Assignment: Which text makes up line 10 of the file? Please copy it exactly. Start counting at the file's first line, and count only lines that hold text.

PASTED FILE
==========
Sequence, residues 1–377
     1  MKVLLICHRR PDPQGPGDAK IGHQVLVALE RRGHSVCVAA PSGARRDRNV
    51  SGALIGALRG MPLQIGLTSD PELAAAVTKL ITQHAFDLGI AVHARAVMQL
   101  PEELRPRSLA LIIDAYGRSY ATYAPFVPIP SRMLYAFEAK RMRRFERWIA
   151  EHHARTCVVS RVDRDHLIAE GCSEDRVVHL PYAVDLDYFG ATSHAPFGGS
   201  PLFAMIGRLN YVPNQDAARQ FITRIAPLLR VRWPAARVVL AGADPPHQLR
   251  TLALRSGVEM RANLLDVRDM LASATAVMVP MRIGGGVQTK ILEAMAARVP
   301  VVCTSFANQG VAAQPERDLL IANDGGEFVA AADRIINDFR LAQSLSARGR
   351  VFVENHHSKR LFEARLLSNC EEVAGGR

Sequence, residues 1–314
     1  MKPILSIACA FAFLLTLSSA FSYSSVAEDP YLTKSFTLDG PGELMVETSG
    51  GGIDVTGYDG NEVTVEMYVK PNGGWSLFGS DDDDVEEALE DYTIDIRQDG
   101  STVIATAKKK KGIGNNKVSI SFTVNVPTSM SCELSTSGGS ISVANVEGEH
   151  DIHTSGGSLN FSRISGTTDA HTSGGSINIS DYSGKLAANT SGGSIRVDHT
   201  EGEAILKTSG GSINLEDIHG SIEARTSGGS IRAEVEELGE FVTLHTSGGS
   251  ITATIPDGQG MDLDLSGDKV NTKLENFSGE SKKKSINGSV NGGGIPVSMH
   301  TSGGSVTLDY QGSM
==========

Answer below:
Sequence, residues 1–314